Southern Rail: The Safe Approach

This week, travel chaos is set to hit London as strikes take place on both the London Underground and the Southern Railway network.  The reason for the London Underground strike is clear:  Sadiq Khan has failed to reverse the decision to close ticket offices on the underground network despite launching a review into the closures.  The nature of the Southern Railway strikes are of a more safety critical and concerning nature.  Proposals are in place to remove the guard from passenger trains, thus placing the responsibilities of the guard onto an already busy driver.  It is the second of these issues that I will tackle in the following post.

Since the days of steam, guards have been an integral part of the railway network.  Guards perform a variety of safety critical duties which reduce the risk of an incident taking place, or prevent an existing incident from escalating further.  Although driver only operation has been used since 1982, a lot has changed in the last 25 years.  The nations trains are getting busier and overcrowding on Britain’s trains and platforms is an ever increasing issue.  The growth in passenger numbers places pressure on ageing railway infrastructure, removing the train’s eyes and ears will only worsen the situation.  Place enough people in an overcrowded area leaving them nowhere to escape and it will be a matter of time before an accident happens, only now there will be nobody there to help.

A driver’s responsibilities are already extensive; they are pressured to ensure the correct operation of the train from their cab; they have to maintain a timetable, take note of any problems on the network they may encounter en route and check the signals ahead are clear for the train to enter the section.  I have no doubt that I will have missed something from this list.  The guard can liaise with the driver about any concerns they have on board the train, at this point the driver can rest assured that any issues in the passenger carriages behind him will be taken care of.  Onboard the train the guard is a reassuring presence for those travelling.  They are a deterrent against criminal behaviour whether physical, sexual or verbal and can quickly phone for help if they see somebody acting inappropriately.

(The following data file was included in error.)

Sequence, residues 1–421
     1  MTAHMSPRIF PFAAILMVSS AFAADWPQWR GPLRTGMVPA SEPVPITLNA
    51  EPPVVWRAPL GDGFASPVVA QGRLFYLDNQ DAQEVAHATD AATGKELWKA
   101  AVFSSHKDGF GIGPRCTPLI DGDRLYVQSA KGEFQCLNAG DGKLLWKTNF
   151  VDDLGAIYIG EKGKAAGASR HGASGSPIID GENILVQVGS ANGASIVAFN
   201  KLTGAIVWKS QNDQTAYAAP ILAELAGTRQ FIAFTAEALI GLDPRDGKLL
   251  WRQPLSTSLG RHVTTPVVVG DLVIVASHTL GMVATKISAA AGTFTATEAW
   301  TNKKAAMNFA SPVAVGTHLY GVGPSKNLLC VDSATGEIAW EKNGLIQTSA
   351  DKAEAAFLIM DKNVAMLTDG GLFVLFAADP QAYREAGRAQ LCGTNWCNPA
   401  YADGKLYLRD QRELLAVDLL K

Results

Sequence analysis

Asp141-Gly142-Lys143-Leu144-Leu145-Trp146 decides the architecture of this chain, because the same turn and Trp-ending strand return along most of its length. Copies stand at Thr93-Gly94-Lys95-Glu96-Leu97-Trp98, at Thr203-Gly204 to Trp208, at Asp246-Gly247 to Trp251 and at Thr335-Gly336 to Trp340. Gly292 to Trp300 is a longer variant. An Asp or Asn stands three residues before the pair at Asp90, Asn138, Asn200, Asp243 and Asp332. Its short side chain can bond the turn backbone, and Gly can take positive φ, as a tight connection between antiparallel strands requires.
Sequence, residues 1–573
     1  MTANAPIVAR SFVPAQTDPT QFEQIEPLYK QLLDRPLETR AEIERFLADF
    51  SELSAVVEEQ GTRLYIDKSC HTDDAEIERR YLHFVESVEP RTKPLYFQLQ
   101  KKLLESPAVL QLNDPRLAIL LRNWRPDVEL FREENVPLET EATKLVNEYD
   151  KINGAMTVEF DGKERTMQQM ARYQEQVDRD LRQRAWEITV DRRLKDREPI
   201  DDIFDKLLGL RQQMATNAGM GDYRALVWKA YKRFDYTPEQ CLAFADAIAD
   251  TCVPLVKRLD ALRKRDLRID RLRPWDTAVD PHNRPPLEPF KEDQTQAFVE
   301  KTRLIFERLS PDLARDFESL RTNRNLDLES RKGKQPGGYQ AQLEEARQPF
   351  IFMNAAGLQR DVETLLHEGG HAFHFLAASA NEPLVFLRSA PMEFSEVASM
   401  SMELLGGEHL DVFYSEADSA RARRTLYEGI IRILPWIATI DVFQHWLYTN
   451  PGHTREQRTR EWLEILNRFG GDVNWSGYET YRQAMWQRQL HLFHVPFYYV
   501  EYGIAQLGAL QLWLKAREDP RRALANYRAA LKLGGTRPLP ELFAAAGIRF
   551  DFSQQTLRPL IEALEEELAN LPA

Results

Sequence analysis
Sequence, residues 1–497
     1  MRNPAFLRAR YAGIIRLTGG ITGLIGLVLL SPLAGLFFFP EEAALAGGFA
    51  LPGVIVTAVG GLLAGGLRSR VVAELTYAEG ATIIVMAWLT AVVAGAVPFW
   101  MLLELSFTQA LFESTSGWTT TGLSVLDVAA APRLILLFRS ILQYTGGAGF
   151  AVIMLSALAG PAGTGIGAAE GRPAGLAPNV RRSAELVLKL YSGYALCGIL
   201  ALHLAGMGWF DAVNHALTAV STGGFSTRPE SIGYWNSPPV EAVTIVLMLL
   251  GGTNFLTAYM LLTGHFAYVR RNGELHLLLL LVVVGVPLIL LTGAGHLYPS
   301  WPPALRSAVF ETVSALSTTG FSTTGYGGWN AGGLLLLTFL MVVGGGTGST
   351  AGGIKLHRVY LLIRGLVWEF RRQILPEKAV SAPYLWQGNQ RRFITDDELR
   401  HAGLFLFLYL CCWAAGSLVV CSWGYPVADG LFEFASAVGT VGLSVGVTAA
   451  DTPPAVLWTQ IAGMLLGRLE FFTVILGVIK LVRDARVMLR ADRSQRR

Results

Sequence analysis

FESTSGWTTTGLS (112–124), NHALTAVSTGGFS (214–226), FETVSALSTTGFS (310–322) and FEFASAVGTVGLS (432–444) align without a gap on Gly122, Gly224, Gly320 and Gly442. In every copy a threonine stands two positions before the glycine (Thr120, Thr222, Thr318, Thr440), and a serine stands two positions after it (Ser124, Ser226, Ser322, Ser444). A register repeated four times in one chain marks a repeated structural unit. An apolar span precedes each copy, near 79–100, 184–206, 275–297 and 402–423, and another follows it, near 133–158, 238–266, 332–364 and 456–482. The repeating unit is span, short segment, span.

Consider also the number of times you see people running for a train.  The guard keeps watch over the platform to ensure that no passenger boards the train unless it is safe to do so.  It is now commonplace to see very few platform staff at railway stations, especially in non-central locations.  Guards are the last bastions of an era where safety was deemed the most important aspect of the railway industry over profit.  Guards can also keep watch over passengers who are less capable of boarding the train and those intoxicated with alcohol who might otherwise stagger towards the train unnoticed.  It is not uncommon to see guards offering their help to those who need it most; an outreached hand to an elderly passenger or providing a ramp for a disabled individual.  This makes a difference, not only to the safety of the passengers but to their journey as a whole.

Although the Rail Safety and Standards Board have stated that Driver Only Operated trains are safe, doubt must be cast over this claim when it is considered that eight out of ten incidents when passengers are boarding and disembarking from trains have taken place when a guard has not been present (statistic taken from a dossier linked from the Full Fact article).  In a number of these incidents where a guard or platform staff have not been present, the actions of the other passengers have salvaged the situation.

Combined with the reduction in number of platform staff, the removal of guards from trains would place responsibility for all boarding and disembarking passengers on an overburdened driver in a cab at the front of a train which could be several carriages in length.  It is conceivable that in bad weather or on an overcrowded platform, a passenger who has stumbled or fallen against or down the side of a train may go unnoticed despite the best attempts of the driver.  In fog or falling snow, when visibility is already at a minimum, surely it is better to have two pairs of eyes rather than one, watching out for you and your loved ones?

Although the strikes are undeniably the cause of much inconvenience, they are a necessary act.  Without the strikes, driver only operation would become reality endangering passengers travelling on Britain’s railways.  The railway strikes are being used for political gain by both sides of the argument but the central and most critical part of this debate revolves around safety, not politcs nor ego.  It would bode well for passengers if both sides of this debate could remember its most critical purpose.

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